My niece, whose recommendations I trust because she's as good a cook as I am, recommends:

- Mingalaba Burmese

- Gochi Fusion Tapas

Mar 18, 2014
jaiko in San Francisco Bay Area

Visiting from Washington

I'd think you could get away with "shorts and sweats" at most restaurants outside SF's downtown, but I wouldn't risk the Financial District or Union Square. Lunch maybe, dinner, probably not.

Also, it gets cold enough at night that shorts just aren't seen around most areas, altho it's a lot warmer in the Mission than it is out on the Embarcadero!

Mar 17, 2014
jaiko in San Francisco Bay Area

Napa trip report Feb 2014

I'm actually getting caught up on my 5-months-behind-posting-reviews on Yelp, and when a friend asked for some recommendations on going to Napa because we were just there in late February, I pulled this from the very long full reviews I had. One of the downsides of age [smile], if I don't write it all down I forget the details! Forgive the length, but this covers all six places we went.

Napa 2014 February
We travel 1-2x/yr on midweek, 3-day trips (retirement is wonderful, lol). As usual we ate a mix of old (visited at least once before) and new (to us) restaurants. All were at least good, which has not always been our experience, but only two were excellent, as follows.

Best to worst, they ranked:
1. Ca'Momi
2. Solbar
3. The Grill @Meadowood
4. Market
5. Browns Valley Mkt (deli)
6. Brix

Ca'Momi: Hated the space, loved the service and food. The patio worked out great for us, because we could spread our many dishes over a four-top instead of crammed onto their minimal two-tops. Our best meal in the NV, barely beating out Desco/Oakland as our preferred Italian. And we are suckers for bigne and ciambellina (okay, along with Ca'Momi's crackerbread, sweetbreads, and oxtail ragú). But if you want to take a large quantity of those luscious whipped cream beauties home, one has to go separately to purchase the pastries ASAP. What they have in the case is what they have made for the entire day – and it's not a large display case. If you're just having one or two for dessert after a meal, the waiter can get it for you. But we came with an ice chest and ice, and bought at least a pound of these treats. With the loss of Borgo Italia's pastry chef, we can't get these in Oakland and believe me, we miss them! Our friends, not surprisingly, adored us upon our return home when we shared the goodies.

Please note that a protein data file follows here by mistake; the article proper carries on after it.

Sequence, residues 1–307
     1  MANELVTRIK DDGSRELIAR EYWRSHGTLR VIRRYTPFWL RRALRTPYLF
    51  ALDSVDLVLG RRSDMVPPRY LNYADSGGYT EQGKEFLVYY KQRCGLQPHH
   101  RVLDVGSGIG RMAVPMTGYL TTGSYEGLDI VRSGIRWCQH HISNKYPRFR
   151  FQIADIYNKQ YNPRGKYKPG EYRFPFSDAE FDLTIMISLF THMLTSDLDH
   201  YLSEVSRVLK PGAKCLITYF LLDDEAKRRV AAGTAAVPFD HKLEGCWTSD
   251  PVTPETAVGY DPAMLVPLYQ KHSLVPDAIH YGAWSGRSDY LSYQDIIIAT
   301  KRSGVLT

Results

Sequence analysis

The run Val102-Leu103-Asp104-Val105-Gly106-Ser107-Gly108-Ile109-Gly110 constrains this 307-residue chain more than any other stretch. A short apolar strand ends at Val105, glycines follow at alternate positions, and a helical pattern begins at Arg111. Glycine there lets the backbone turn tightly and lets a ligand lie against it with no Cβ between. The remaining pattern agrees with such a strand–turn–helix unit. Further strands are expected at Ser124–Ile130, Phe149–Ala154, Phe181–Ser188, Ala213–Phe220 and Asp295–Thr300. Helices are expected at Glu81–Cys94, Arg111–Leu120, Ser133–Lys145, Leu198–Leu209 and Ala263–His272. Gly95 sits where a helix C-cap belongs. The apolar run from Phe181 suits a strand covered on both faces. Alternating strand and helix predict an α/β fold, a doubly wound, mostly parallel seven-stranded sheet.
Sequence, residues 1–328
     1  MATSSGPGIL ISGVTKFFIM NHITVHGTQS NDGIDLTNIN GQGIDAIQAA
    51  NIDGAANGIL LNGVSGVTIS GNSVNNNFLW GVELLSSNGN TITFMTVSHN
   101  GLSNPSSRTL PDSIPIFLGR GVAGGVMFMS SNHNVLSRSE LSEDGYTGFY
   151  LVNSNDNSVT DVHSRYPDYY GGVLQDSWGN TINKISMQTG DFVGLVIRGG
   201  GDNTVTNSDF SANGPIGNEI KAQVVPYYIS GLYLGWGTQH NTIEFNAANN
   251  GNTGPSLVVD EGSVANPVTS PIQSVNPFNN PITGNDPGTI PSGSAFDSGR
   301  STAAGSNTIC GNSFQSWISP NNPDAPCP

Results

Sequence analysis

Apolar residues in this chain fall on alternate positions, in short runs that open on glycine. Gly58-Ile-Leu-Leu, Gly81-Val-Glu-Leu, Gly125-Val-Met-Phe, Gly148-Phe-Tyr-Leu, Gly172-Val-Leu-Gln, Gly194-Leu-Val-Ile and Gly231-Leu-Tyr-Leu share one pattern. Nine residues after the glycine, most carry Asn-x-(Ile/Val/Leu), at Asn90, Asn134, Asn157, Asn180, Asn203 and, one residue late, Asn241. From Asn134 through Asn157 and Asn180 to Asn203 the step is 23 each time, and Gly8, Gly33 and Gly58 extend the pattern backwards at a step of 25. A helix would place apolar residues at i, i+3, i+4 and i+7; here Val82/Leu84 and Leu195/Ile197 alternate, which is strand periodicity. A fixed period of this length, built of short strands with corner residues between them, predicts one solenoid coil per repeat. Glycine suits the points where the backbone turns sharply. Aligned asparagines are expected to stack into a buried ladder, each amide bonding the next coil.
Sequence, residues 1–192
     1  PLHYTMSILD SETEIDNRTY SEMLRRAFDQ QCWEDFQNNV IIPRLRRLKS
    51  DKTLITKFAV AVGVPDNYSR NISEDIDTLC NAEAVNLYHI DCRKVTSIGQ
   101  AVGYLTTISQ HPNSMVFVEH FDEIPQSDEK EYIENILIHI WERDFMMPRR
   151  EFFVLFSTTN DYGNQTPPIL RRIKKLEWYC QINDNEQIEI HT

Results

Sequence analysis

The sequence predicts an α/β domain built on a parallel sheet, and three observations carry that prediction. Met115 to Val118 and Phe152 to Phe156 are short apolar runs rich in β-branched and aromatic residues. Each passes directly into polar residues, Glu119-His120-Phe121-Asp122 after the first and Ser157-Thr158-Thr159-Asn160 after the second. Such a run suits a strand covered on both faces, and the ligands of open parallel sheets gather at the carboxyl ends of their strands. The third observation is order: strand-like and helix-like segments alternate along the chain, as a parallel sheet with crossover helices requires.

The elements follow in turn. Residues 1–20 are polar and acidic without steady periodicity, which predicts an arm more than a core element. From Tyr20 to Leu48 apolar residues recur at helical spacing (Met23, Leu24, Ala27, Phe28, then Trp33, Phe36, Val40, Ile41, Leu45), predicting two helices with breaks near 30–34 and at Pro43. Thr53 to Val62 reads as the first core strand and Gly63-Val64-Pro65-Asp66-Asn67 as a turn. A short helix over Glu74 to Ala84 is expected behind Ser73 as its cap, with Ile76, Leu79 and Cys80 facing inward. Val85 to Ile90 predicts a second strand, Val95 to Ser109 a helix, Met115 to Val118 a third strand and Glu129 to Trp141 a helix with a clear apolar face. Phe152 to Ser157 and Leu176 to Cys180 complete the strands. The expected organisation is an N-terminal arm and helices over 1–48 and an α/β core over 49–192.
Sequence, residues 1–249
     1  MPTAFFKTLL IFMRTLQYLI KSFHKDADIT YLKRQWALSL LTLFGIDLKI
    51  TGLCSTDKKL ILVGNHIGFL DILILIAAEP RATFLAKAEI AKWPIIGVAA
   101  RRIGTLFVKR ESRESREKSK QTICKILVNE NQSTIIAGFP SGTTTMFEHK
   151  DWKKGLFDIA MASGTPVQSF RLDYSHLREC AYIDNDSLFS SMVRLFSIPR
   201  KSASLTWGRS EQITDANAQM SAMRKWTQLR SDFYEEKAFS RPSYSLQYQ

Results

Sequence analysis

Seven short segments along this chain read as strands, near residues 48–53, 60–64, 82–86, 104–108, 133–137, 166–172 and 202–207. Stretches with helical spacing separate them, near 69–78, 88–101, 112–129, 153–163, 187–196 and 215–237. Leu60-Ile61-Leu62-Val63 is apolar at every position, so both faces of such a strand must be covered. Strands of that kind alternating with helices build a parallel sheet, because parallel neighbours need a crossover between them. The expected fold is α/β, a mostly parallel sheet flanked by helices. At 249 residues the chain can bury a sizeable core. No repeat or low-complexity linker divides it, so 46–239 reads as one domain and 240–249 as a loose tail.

Solbar: We've always enjoyed Solbar. It would have ranked with Ca'Momi this time if we hadn't ordered a poorly conceived entrée, the Lucky Pig. I left feedback through OT that the dish really needs rethinking. The sauce was especially poor. Our starters were flawless, as usual. I always forget the spa menu is not your typical "rabbit food"; these are done with superb ingredients and great execution. They offer clean intense flavors and good-sized portions. A simple chicken noodle soup was a masterpiece of roasted bone broth, properly clarified, with delicate poached chicken breast in neat dice and mini-farfalle. Solbar remains a bright, open, relaxing dining room. The service is superb, some of the best in the entire Valley.

The Grill @Meadowood would rank a bit higher with us if it hadn't cost so much, and if the entrées had been salted properly (some items had too much salt and some had none at all). Also, we went for dinner and this restaurant seems better for lunch. There is nothing to see outside in the dark and the DR is surprisingly generic and awkward for such an upscale resort. The food was uneven: some of it was unexciting and generic, but some dishes showed a creative brilliance that caught us by surprise. A soup of baby turnips and macadamia nuts sounded strange but it was amazing – and we don't like turnips! An asparagus flatbread was perked up with thin shavings of raw rhubarb in another wonderful combination.

Market: It reminded us of Mustards, except that we liked it better. But the comfort food is just a bit oversized and excessive, with too much of the "more is always better" attitude. It's designed to impress and overwhelm, not to entice or intrigue the gourmet. The crab dishes are very generous but my crabcake was overwhelmed with too much beurre blanc. Crab Louie was good but again, too much dressing, too many minced shallots. Porcini ravioli tasted more like shiitake with too much tart red wine. Still, it's a good value with those oversized portions, and the service was very good.